International Coral Reef Symposium
July 8-13 | Cairns, Australia
This was my first trip to Australia, and I hope not the last. I was there primarily to attend the International Coral Reef Symposium (ICRS), a once every 4 years gathering of ~2,000 coral reef scientists. In addition to learning about many new developments in marine science and conservation, I made sure to see the Great Barrier Reef with my own eyes, and spend a few days in Sydney.
At ICRS, plenary lectures by Jeremy Jackson and Peter Kareiva crystallized, respectively, (1) the historical trends of coral reefs, and the importance of strategic and cohesive future research; and (2) the social context, failings, and options for the environmental movement. They are wonderful speakers, and I highly recommend you check out there talks available online here.
There were interesting talks on the potential for using remote sensing to estimate fish catches (e.g. you can count fish traps from Google Earth images) and MPA effectiveness (e.g. smaller algae-free halos around coral patches are indicative of greater predator abundance that prevents herbivores from venturing to far from safety to graze). There is also innovative work on the social side of MPAs, including taking advantage of resort property rights in the Maldives, and using short-term area closures for fast reproducing species (e.g. octopus) to show the effectiveness of MPAs and build stakeholder support for larger MPA networks.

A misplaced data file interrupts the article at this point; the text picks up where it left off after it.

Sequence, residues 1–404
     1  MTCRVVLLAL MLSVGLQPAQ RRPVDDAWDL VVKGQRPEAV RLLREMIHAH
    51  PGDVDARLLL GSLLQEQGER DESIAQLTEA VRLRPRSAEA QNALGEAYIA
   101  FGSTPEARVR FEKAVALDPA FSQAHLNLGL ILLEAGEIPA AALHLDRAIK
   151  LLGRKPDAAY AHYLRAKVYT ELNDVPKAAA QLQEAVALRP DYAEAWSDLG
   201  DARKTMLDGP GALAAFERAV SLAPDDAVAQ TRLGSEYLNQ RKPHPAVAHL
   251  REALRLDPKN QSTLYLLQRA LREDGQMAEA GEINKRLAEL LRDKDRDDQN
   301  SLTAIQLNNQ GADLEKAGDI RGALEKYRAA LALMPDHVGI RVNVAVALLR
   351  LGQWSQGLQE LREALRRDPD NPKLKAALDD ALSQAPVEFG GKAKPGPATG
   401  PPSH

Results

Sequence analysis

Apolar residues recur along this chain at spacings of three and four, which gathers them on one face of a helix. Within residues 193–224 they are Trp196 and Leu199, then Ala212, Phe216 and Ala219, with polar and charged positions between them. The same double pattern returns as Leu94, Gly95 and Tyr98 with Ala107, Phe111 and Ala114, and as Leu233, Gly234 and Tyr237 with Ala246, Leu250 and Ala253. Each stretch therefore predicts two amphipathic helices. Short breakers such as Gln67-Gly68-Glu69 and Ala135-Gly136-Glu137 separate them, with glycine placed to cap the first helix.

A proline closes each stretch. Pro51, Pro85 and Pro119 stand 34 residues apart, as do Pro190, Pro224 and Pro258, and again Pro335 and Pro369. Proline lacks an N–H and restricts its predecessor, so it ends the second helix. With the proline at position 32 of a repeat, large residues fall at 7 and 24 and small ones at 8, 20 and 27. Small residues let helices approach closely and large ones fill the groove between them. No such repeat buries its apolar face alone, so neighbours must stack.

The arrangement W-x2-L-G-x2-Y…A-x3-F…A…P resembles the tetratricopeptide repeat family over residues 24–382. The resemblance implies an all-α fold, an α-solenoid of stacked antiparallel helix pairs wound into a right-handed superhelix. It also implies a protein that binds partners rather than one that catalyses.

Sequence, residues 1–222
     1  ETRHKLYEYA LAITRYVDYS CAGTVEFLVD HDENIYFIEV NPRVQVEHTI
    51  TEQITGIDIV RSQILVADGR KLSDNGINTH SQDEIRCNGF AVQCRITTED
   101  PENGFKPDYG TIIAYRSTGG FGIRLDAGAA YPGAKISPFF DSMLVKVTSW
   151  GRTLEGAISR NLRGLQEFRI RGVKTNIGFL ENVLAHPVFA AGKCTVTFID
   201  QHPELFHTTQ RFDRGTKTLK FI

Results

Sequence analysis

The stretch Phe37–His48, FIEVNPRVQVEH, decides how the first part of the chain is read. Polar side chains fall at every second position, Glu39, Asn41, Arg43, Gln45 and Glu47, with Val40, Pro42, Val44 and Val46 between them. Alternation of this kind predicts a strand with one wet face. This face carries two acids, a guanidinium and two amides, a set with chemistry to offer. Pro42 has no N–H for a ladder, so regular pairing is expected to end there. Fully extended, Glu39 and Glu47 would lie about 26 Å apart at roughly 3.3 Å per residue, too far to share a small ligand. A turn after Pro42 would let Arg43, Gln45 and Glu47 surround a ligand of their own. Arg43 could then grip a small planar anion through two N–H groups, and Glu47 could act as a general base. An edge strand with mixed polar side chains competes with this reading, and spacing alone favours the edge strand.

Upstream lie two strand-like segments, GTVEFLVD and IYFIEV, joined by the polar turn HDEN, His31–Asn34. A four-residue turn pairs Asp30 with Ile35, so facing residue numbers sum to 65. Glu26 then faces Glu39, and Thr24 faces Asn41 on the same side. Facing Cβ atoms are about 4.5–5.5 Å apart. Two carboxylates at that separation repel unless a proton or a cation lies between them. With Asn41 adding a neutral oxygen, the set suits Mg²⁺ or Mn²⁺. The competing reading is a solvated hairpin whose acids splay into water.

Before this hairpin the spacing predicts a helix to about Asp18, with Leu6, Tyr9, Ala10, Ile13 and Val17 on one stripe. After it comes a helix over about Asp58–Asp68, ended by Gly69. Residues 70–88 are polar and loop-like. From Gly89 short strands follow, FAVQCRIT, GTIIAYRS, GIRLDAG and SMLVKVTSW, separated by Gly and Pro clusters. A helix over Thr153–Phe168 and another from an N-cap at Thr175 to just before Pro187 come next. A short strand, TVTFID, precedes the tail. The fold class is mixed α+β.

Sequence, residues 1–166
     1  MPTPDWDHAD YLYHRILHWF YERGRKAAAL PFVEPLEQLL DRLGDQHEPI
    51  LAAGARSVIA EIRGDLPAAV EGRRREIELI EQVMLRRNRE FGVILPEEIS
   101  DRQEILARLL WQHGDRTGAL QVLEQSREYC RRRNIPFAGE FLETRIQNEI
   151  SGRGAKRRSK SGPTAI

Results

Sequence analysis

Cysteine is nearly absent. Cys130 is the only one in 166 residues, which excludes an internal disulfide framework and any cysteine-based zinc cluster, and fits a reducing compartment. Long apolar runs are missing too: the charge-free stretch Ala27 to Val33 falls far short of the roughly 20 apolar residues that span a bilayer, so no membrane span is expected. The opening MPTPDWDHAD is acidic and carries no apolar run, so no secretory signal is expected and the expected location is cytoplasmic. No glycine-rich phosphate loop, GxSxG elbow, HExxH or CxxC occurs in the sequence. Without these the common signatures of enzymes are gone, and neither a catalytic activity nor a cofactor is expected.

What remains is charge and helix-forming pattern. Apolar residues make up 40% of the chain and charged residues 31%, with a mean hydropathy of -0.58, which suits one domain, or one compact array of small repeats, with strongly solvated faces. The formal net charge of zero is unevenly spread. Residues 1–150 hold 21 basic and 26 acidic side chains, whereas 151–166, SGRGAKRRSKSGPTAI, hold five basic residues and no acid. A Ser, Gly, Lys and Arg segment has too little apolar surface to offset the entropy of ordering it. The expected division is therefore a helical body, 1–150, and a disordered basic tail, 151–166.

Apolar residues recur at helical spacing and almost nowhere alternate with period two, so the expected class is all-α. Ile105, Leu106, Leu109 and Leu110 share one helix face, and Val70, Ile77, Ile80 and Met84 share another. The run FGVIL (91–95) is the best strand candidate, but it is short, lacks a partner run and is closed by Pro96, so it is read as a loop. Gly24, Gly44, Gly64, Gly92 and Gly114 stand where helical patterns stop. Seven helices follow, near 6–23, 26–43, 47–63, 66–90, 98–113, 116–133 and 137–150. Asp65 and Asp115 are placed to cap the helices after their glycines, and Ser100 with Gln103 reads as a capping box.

Being surrounded by all these smart people and good ideas for conservation and sustainable use, I found myself dismayed at the disconnect between advancing state of the science on both threats to reefs and management solutions, and the declining state of coral reefs worldwide. Why this incongruence? One answer is that the scientists are not making the management decisions, another is that this community is not thinking enough about the people part of the coral reef ecosystem – how to incentivize far-sighted stewardship, and how to balance food security and economic viability with ecosystem health and productivity.
And then there were the elephant and gorilla in the room: climate change and ocean acidification. The consensus was that reefs will continue to exist, just not nearly in the state humans prize, and that local management of threats (via MPAs, sustainable fisheries management, pollution control) can do a lot to bolster reef resilience to climate change until the imperative of dramatic, global reduction in greenhouse gas emissions is achieved. The conversation was a nuanced, and more appropriately toned version of the New York Times op-ed that was released following the conference, “A World Without Reefs” (also see the conversation that followed on Andy Revkin’s Dot Earth blog).
I left with the most cautious possible optimism. There is so much work to be done.